Sen. Jason Lewis, who serves as both co-chair of the Education Committee and assistant vice chair of the Senate Ways and Means Committee, brought up the enrollment churn, asking Peyser and Riley to “comment on the thinking about not holding harmless or making any adjustment to the enrollment in the Chapter 70 formula” for school funding.
“The complexity of using something other than the actual headcount is kind of mind-boggling,” Peyser replied, saying there was no way to know how 2022 enrollment would play out for individual districts and families and no way to make an adjustment that would treat all districts fairly.
He said the way the state approaches school aid means that no district will lose money because of a downturn in enrollment — rather, they would maintain the same base level of funding — and that Baker’s budget proposes a minimum aid level of an extra $30 per student. Federal relief packages also will steer significant dollars to Massachusetts schools, he said.
“At the margins, there are some districts that may come out a little bit on the short end,” Peyser said. “The commissioner said earlier that he has, in the past, already used some of his federal aid to make sure that every district receives some federal aid, even if they weren’t really in line to get much under the federal government’s distribution formula, so all of those things combined means if there if is a problem or an issue, I think it will be for a relatively small number of districts and at the margins, and there may be some targeted approach we want to take either with federal money or state dollars to address those particular issues but I would caution against trying to go back to an old enrollment number and assuming that would treat everyone equitably.”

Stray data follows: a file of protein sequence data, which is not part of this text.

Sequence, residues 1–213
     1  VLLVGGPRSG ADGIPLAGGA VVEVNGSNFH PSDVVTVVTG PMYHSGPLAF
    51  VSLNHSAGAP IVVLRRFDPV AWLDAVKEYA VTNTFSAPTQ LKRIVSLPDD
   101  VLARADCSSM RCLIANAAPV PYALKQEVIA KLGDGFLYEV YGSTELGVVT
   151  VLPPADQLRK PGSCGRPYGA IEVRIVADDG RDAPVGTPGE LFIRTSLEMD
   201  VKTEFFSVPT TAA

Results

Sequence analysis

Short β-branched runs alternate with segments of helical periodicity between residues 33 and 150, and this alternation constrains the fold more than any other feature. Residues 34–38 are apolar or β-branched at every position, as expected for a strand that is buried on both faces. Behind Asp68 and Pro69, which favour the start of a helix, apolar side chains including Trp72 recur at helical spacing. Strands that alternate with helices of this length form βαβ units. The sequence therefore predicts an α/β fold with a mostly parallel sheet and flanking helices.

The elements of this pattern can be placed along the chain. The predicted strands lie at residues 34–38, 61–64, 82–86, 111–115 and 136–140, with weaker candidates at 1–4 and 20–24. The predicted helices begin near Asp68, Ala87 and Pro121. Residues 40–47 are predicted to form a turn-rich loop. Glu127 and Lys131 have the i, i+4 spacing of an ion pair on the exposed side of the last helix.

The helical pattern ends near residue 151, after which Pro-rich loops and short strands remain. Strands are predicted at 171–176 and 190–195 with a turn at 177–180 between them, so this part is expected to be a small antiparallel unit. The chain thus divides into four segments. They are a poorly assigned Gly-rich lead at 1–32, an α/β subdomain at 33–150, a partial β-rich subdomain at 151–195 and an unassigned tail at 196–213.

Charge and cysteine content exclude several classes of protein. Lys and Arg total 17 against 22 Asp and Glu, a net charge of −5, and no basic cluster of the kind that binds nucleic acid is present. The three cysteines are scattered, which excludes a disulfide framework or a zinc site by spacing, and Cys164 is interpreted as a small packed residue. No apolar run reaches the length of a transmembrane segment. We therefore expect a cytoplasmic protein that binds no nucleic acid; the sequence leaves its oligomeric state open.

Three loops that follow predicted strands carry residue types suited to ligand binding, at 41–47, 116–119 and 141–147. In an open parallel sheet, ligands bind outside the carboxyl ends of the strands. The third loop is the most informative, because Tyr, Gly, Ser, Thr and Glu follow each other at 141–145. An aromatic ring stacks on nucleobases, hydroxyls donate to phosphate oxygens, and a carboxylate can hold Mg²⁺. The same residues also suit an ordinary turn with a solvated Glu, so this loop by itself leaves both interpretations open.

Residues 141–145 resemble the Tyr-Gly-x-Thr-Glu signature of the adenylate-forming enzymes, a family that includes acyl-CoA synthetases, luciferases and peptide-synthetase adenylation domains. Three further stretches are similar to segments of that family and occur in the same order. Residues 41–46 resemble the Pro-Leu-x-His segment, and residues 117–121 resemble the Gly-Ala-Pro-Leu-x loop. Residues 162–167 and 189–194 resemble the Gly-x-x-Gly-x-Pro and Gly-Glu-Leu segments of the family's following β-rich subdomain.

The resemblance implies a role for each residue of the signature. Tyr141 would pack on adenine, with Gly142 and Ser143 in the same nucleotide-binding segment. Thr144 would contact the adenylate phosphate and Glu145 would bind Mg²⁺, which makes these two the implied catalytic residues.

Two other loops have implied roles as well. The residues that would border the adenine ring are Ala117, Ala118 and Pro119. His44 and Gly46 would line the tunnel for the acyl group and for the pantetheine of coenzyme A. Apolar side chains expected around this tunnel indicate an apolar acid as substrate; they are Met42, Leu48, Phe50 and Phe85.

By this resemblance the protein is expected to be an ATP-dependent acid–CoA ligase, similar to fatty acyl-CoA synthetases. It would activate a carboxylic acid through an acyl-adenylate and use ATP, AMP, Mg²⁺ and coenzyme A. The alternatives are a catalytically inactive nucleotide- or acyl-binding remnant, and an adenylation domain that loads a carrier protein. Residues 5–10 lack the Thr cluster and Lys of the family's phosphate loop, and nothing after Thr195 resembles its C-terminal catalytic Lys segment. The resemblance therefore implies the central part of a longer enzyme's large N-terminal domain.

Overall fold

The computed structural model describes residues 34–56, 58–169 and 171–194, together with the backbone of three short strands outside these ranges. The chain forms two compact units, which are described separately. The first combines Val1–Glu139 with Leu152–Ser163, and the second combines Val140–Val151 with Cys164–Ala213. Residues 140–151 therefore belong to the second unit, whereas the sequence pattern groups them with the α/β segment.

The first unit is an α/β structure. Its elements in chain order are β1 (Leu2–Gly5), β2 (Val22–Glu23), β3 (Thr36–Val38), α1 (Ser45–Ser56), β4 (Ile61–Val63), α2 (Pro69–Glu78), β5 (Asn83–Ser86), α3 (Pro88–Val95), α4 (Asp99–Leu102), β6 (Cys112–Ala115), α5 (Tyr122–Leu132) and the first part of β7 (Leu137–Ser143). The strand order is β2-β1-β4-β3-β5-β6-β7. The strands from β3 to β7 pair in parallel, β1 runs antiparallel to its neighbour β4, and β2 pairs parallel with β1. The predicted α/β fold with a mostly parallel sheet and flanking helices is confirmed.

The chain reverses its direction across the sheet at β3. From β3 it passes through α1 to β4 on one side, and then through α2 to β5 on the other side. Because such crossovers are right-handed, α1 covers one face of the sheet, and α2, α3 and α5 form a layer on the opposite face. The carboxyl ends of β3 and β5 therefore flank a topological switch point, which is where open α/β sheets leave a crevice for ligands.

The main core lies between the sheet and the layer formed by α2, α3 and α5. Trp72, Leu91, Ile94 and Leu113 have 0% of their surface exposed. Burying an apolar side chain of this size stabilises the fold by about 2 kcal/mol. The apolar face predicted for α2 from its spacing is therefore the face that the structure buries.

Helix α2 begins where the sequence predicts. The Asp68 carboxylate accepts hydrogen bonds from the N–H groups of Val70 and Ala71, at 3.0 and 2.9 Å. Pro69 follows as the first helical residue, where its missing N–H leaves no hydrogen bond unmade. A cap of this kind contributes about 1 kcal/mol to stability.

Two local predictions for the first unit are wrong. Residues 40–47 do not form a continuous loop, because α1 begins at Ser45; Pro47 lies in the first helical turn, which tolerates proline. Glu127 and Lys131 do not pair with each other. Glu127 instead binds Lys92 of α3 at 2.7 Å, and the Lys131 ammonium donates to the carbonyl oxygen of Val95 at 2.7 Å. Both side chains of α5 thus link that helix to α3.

Lewis responded by noting that while districts will not lose money because of drops in their student population, they’re not in line for the same funding boost they’d stand to receive if held harmless for this year’s enrollment drops, a figure he said lands “probably somewhere around $120 million” in additional Chapter 70 funds statewide.
Massachusetts Teachers Association Merrie Najimy offered a similar estimate, putting the total at $122 million and saying the level of funding Baker proposes “will be insufficient to meet the needs of the actual numbers of students enrolled next year.”
Informal data collected by the Massachusetts Association of School Superintendents last fall shows that of about 30,000 students who are no longer enrolled, around one-third are currently in new home-school environments, one-third are kindergarteners held out of public school for a year, and one-third enrolled in private or parochial schools. Mary Bourque, the association’s director of government affairs and former Chelsea superintendent, shared those figures with the committee and said the superintendents group expects “the majority” of those 30,000 students will return to public schools in September.
Without adjusting the fiscal 2022 budget, districts will not have the resources to hire additional teachers to respond to anticipated larger class sizes next year, Bourque said.
Fall River Superintendent Matt Malone, who served as education secretary under Gov. Deval Patrick, told Lewis over Twitter that the enrollment numbers were “the big issue.”
“We respectfully need relief here. These kids will be back and it is a travesty of policy to not include them – certainly something @MassEducation did NOT get right in FY22 Budget,” he wrote.